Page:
It was all so weird. For me, COVID itself was not the worst thing in the world. The searing, unending headache and night sweats were the worst parts, but as someone with chronic asthma, I'm grateful my breathing wasn't too affected. As I was fighting COVID, I passed my due date... and then some. I was six days past and starting to stress. I just wanted my body to go into labor on its own.

Then it happened. At about 4AM on January 2nd, my water broke. And no, it wasn't like it was in the movies. It was more of a trickle instead of a gush. I was also having contractions... not too intense, but regularly. I was THRILLED. My body was doing what it was designed to do.

We grabbed our bags and headed to the hospital.

I was admitted, and eagerly awaited with George for the contractions to intensify. Yes, that's right... George managed to not get COVID from me! (yet, at least). I was so grateful that he could be there with me... I couldn't imagine doing it alone.

Because I had COVID, we both had to wear masks the entire time and couldn't leave the room at all. Anyone who came into our room (nurses, doctors) had to be in full protective gear. Anytime they left, they took it all off and threw it away, and anytime they came back in they'd put new gear on. Because of this, I was assigned just one nurse to stay with me her entire shift. I liked this rule, because my nurse, Emily, was the best.

At this point, I was 1 measly centimeter dilated. So, we waited. I walked around. Bounced on a yoga ball. Read. Joked around with George.

And then the nurse came in. She told me that, because my water had broken, we were on a bit of a timeline for when it would be safe for baby to come. Since I was only 1cm dilated, the doctor wanted to start me on Pitocin to move things along.

I was immediately filled with panic. My experience with Pitocin during Evan's birth was horrible, especially since the epidural didn't fully work. My midwives said that Pitocin contractions can be much stronger than regular contractions, and I was terrified of going through that pain again for it simply not to work the way it didn't work with Evan. Ultimately, after questioning the nurse and explaining my fears, and her laying out my choices in a very clear and calm manner, we went ahead with this option.

After hours of increasing my dosage of Pitocin, the pain was too unbearable. So, I asked for an epidural. I could write a whole separate blog post on how truly awful the anesthesiologist who administered my epidural was (and I never say anything bad about anyone). His bedside manner was so horrendous, that it's almost comical looking back. Almost.

After the epidural, I was THRIVING. There is something truly magical about your pain going from level "I'm literally gonna punch someone in the face" to "hmmm, I think I'll take a nap now" in a matter of minutes. I was certain that I was progressing and was much more dilated. By this point with Evan's labor, I was close to 9CM.

The doctor checked me.

3CM dilated.

I had barely progressed at all.

We were at a crossroads. Continue waiting to progress. Or opt for the c-section. At this point, it had been 15 hours since my water broke. The longer I waited, the higher the risk. Especially because there was evidence of meconium (Louie had pooped in the womb). The doctor was aware of my strong desire for a VBAC and said she'd be okay with waiting a couple more hours, but deep down I knew a couple hours wouldn't make a difference.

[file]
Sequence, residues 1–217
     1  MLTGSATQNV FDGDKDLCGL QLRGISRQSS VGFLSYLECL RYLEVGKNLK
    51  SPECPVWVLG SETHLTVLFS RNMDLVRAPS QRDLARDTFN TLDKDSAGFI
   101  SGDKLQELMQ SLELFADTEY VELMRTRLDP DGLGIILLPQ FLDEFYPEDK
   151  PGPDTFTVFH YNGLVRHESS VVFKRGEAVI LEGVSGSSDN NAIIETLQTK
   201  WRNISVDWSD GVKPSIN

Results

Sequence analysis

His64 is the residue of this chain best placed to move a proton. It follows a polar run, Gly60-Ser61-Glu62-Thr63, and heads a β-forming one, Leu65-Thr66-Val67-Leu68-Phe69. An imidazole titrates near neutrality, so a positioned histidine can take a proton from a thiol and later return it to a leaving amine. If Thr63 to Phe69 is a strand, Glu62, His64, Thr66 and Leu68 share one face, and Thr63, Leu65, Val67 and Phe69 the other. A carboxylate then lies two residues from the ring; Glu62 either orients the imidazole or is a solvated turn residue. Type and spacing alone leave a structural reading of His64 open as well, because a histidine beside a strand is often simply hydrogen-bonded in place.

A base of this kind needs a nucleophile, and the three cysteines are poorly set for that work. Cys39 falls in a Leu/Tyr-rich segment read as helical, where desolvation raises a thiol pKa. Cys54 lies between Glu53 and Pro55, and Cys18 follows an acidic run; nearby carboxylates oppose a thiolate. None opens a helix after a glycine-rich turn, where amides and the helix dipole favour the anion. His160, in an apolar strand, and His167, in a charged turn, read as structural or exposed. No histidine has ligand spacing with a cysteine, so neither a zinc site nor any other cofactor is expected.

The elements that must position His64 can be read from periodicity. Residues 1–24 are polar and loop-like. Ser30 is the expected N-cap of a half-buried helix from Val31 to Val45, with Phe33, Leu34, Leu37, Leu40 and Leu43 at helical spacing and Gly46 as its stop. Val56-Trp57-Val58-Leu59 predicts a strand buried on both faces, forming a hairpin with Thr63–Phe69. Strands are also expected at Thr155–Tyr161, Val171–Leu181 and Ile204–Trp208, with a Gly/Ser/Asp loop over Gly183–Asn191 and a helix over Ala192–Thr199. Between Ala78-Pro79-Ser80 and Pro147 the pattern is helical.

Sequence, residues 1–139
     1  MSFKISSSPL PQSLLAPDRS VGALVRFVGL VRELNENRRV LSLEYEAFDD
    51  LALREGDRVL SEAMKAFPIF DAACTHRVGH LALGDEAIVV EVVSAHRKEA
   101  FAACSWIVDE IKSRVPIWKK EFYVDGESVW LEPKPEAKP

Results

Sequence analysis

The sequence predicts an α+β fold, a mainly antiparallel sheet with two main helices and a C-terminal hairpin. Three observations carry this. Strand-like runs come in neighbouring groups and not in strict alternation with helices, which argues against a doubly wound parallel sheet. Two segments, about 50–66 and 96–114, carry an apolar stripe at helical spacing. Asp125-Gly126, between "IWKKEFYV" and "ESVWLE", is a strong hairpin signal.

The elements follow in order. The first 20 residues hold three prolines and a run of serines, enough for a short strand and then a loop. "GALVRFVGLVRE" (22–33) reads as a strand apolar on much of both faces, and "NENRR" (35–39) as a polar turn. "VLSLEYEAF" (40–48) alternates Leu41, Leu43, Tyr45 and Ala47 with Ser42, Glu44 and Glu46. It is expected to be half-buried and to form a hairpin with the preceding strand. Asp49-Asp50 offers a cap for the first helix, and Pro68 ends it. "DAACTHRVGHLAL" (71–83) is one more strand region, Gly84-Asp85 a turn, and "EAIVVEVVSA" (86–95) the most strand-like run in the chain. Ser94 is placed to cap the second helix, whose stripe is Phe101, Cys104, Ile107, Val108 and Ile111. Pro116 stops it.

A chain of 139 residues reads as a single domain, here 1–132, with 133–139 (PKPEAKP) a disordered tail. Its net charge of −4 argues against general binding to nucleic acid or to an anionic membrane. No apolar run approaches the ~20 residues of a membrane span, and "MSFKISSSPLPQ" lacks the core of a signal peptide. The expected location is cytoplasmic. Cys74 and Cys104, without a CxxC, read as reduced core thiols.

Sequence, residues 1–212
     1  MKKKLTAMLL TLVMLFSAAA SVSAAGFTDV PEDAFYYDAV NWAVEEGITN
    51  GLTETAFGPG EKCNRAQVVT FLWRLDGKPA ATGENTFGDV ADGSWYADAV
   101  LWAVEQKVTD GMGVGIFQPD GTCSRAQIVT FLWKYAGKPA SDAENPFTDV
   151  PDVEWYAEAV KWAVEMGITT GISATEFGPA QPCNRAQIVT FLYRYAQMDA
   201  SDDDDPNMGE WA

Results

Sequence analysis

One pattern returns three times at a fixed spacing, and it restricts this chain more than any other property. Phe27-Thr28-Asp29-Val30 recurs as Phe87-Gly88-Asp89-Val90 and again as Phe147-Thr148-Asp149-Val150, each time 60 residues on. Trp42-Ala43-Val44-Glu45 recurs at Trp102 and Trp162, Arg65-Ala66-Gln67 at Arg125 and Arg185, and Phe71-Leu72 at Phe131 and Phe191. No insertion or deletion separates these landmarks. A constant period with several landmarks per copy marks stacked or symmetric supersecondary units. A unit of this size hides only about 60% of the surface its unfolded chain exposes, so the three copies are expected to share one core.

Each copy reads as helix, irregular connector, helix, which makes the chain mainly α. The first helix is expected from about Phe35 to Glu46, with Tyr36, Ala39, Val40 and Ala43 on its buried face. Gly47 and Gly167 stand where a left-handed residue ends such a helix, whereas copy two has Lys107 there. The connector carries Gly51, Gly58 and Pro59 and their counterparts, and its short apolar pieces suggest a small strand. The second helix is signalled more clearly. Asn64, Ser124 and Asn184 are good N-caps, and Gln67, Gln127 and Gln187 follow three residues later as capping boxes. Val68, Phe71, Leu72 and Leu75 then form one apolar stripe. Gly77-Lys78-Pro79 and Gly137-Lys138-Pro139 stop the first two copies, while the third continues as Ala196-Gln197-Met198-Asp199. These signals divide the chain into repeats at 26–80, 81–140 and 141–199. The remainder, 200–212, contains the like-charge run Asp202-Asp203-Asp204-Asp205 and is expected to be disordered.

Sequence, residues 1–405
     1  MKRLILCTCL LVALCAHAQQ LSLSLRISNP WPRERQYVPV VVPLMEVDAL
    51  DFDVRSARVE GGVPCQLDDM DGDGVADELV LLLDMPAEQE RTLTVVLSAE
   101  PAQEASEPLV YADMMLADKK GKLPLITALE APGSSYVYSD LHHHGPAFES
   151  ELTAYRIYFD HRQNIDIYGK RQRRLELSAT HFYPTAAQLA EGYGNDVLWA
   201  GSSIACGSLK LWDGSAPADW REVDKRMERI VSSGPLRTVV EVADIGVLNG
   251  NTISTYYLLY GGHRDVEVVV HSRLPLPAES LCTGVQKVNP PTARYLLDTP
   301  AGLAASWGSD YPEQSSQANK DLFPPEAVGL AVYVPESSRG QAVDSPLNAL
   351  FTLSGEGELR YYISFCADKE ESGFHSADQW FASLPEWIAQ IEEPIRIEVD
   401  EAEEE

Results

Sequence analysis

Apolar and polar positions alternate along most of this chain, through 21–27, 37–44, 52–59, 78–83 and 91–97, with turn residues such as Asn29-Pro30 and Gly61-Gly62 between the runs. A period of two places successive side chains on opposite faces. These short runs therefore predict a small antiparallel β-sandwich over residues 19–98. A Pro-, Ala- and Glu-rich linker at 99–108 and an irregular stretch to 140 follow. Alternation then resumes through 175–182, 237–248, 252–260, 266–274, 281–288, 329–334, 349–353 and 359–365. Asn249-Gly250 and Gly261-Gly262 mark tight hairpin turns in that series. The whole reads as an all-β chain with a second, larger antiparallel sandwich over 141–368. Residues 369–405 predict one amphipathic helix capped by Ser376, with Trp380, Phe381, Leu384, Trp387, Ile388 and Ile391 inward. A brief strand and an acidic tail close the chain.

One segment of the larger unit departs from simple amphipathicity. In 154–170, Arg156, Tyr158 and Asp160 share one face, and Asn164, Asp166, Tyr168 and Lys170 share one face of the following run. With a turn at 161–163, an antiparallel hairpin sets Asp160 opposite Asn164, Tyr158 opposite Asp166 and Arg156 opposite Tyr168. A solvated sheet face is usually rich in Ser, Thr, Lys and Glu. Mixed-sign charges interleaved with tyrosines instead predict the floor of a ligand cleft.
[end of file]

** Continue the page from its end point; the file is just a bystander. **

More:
I could've kept going, kept fighting for my goal. But I wasn't at peace with that. My intuition told me that Louie wasn't going to come out vaginally. I just knew it. After George and I talked, we both felt the right choice was a c-section. Whereas with Evan's birth, there was no choice but to have a c-section, this time with Louie I felt in control of the situation. I was glad I was the one to make the call.

They wheeled me away to the operating room. The room was blindingly bright and cold. They prepped me for surgery as George put his scrubs on.

There was a moment where they put the curtain between my head and abdomen so I couldn't see. My eyes welled up with tears. This isn't how I wanted it to be. I wanted to see my baby boy come into the world. I wanted my face to be the first one he'd see, not a bunch of masked up doctors. I wanted immediate skin-to-skin. I had no choice but to hold back the tears because my arms were strapped down to the operating table, so I couldn't wipe them away. I felt the bitterness burning in my chest.

Then, I felt George's warm and reassuring hand take mine. And I felt the bitterness dissipate. This was Louie's birth story... and while it was't perfect, I was prepared to embrace it. To be proud of it.

They cut me open and began tugging him out. This part was a lot more painful than I remember it being with Evan. I cried out loudly. After five minutes, out he came crying. And instantly, all 1,967 words you have read up until this point no longer mattered. All that mattered was that he was here, finally.

George went to him instantly and saw that he was COMPLETELY covered in poop, lol. Because of this, they washed him right away, wrapped him up, and handed him to George, who brought him over to me. He was the most precious thing, and looked just like his big brother. I was smitten.

After I was all sown up, I finally got to cuddle him in the recovery room, where he nursed for the first time. Suddenly, all was right in the world.

Once again, my story didn't end the way I expected, wanted, or planned. But it ended the way it should... as the beginning of the next beautifully imperfect chapter.